Shareholders Want Avon to Walk the Walk
UPdate spring 2005

Runs for the Cure, Walks for the Cure, Pink Ribbon Campaigns - many cosmetic companies are prominent in raising funds for breast cancer research. But often these same companies market cosmetic and body care products with ingredients which are known, probable or suspected carcinogens. 

Breast Cancer Action (BCA), a nonprofit education and advocacy group in the US, is using shareholder activism to convince Avon to walk the walk, and eliminate phthalates and parabens from their products. BCA argues that these chemicals can contribute to breast cancer. 

BCA members bought shares in Avon. Prior to the 2004 shareholders meeting, they filed a resolution that Avon study the feasability of removing parabens from its products.  At the meeting in May 2004, 8.7% of shareholders voted in favour of the resolution.  This means the issue can be reraised next year, and puts pressure on Avon to act. 

One week prior to the meeting, Avon responded to a resolution filed in 2003 by  shareholder members of Breast Cancer Action. The resolution asked that Avon study the feasibility of removing another chemical group, phthalates, from their products. Avon has now pledged to remove dibutyl phthalates (DBP), one of the phthalates of greatest concern, from their products.

Recent studies show that both parabens and phthalates may be linked to cancer. Parabens are chemical preservatives that have been identifies as estrogenic and which disrupt normal hormone functioning. Estrogenic chemicals mimic the function of the naturally occurring hormone estrogen. Exposure to external estrogens has been shown to increase the risk of breast cancer.  Evidence suggests that young females with developing breast tissue are particularly vulnerable to the increased breast cancer risk associated with exposure to external estrogens.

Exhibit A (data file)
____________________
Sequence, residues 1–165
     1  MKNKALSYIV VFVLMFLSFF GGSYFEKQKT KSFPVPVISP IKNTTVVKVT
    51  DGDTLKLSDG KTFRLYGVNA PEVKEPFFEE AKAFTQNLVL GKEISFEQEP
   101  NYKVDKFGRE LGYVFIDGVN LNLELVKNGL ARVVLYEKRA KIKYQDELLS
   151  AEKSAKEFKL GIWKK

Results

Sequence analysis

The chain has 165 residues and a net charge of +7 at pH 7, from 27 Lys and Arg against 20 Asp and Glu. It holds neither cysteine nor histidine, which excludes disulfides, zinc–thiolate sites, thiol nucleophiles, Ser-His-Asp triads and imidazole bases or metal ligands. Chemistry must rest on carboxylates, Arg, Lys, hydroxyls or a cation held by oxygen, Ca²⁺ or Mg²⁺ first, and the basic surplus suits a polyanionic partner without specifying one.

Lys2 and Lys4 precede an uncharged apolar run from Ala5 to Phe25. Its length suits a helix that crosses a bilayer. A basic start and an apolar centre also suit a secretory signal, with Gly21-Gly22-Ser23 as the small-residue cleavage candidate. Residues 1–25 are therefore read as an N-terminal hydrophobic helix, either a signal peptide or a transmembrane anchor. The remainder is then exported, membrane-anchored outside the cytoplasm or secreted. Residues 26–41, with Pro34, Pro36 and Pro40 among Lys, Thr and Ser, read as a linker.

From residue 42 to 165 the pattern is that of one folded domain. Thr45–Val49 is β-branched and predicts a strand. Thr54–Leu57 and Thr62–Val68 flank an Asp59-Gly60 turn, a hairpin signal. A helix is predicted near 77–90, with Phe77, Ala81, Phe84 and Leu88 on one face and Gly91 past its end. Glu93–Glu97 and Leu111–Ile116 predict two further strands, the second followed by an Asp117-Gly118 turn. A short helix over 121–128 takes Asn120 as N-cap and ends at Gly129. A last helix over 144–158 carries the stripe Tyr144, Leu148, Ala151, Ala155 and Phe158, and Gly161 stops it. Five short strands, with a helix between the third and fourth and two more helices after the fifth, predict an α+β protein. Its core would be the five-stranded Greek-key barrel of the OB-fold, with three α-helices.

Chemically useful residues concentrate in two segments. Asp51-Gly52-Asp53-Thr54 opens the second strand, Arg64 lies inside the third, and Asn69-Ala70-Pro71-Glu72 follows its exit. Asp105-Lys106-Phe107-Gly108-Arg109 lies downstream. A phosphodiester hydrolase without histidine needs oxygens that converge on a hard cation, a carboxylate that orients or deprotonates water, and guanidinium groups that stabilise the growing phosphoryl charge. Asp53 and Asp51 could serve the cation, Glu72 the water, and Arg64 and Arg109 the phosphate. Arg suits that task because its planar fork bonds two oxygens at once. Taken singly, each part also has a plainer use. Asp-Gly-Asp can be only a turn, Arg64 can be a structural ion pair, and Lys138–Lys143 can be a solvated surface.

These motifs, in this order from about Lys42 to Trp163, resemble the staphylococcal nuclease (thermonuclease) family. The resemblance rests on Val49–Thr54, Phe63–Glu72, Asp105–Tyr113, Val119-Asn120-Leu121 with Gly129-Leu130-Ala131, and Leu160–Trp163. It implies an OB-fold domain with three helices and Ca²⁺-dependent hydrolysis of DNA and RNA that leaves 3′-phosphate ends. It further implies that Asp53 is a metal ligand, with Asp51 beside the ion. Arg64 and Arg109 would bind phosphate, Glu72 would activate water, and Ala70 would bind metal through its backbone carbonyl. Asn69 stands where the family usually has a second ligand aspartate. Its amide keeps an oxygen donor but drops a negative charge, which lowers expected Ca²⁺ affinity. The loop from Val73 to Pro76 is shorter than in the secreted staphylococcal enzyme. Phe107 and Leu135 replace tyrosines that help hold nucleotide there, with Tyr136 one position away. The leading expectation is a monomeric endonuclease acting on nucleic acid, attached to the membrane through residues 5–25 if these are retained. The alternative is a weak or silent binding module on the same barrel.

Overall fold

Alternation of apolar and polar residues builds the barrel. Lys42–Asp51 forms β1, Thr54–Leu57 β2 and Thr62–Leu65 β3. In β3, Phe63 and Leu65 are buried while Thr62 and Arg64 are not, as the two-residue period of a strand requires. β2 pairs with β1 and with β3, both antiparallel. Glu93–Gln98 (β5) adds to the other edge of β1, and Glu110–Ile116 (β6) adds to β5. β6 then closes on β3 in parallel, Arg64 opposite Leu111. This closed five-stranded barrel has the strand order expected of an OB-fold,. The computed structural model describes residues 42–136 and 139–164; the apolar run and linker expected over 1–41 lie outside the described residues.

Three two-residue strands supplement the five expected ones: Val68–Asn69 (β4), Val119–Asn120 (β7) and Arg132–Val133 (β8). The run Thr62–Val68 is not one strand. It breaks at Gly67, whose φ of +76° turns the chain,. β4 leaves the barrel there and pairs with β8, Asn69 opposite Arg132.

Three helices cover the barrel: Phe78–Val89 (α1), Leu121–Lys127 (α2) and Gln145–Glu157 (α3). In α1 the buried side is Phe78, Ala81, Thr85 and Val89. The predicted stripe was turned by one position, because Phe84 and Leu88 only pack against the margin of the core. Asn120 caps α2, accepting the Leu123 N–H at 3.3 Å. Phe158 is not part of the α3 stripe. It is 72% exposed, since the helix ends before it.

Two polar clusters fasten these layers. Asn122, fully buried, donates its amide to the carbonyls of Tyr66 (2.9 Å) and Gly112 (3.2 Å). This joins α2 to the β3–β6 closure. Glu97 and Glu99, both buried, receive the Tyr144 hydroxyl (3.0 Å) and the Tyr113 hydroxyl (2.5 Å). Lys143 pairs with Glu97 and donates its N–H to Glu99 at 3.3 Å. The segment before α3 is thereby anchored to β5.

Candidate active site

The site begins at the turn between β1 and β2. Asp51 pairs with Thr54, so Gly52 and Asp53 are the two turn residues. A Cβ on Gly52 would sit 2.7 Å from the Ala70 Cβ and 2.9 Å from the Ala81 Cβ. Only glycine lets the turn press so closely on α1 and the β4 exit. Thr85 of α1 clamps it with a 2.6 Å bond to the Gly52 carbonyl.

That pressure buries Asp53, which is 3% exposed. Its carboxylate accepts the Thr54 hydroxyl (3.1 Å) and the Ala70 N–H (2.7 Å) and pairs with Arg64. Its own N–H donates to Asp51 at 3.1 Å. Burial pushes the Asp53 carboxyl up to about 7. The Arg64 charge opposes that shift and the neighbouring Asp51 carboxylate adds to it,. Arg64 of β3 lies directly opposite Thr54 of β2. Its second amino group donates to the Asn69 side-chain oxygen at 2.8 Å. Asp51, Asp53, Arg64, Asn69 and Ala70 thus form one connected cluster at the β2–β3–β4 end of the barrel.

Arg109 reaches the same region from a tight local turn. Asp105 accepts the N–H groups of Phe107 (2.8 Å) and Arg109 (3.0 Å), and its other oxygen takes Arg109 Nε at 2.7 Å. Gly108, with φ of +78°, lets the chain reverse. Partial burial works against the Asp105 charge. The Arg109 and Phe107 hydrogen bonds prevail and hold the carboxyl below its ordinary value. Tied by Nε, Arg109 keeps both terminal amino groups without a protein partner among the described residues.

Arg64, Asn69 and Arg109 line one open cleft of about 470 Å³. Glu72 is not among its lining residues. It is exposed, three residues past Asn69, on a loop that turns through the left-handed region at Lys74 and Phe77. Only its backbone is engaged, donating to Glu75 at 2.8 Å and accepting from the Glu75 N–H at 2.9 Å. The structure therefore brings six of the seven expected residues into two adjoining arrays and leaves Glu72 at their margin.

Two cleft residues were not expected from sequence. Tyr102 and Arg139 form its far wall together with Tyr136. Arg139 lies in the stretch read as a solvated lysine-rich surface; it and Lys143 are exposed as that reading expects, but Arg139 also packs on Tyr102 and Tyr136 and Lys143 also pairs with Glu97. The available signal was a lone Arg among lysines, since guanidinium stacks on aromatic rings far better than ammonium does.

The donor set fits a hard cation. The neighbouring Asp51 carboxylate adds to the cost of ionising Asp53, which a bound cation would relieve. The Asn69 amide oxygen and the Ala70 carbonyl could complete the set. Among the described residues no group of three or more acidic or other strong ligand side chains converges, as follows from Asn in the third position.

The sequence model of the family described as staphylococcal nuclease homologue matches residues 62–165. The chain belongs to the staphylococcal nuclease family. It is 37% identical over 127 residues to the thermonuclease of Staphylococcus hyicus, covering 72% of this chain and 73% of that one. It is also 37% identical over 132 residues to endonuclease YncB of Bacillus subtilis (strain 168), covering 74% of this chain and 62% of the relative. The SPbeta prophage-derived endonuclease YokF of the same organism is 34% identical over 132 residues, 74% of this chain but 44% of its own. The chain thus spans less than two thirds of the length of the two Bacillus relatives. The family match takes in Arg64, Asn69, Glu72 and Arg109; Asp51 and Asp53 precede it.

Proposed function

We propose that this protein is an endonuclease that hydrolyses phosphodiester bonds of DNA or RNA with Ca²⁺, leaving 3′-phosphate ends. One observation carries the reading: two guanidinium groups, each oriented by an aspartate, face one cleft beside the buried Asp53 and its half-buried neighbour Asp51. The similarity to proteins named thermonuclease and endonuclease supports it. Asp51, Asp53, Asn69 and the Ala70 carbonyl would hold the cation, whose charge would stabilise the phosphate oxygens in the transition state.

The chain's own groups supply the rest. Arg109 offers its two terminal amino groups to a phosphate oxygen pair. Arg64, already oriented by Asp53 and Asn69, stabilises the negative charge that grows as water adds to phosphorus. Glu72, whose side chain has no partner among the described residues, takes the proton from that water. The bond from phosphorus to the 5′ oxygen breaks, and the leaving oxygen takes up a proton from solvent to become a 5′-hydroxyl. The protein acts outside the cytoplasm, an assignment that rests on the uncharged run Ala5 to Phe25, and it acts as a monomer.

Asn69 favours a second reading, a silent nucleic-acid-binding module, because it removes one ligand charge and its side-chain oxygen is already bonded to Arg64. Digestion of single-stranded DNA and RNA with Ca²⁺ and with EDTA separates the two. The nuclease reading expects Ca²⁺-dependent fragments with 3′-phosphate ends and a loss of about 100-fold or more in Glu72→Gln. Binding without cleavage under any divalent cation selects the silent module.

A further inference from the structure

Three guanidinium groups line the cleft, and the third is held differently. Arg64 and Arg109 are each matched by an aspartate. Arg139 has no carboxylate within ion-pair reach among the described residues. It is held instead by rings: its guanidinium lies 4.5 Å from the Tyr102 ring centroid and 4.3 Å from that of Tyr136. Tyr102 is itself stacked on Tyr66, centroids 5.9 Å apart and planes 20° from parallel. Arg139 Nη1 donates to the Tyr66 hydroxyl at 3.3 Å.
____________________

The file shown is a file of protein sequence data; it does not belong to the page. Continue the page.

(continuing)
Phthalates are common components of fragrances.  A study by the US Center for Disease Control in 2000 found phthalates in the bodies of all persons tested. What shocked scientists was that women 20 to 40 years old, the childbearing age, had phthalate levels up to 20 times higher than average. Phthalates are known to cause a broad range of birth defects and lifelong reproductive impairments in laboratory animals which were exposed to these chemicals in the womb and after birth. Phthalates are also known to be hormone-mimicking chemicals, many of which disrupt normal hormonal processes, raising concern about their implications for increased breast cancer risk. 

Avon is not the only company that supports breast cancer research while marketing products containing known, probable or suspected carcinogens. Revlon sponsors an annual 5K Run/Walk for Women that in part funds the Revlon/UCLA Women’s Cancer Research Program. Yet a recent study from the Environmental Working Group, Skin Deep ( which rated products from 1-10 (10 indicating the highest amounts of hazardous ingredients), found over 80% of the Revlon products tested rated 7.2 or higher. 

Mary Kay, whose web site proclaims that the company’s charitable foundation is ”committed to eliminating cancers affecting women,” does not make it easy for consumers to find out if its products contain potentially harmful ingredients. In 2004, Mary Kay was a vocal opponent of a bill in the California legislature which would have upheld the public's right to know about carcinogenic and reproductive toxins in cosmetics and personal care products. 

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see also: Cosmetic Companies Will Follow European Anti-toxic Standards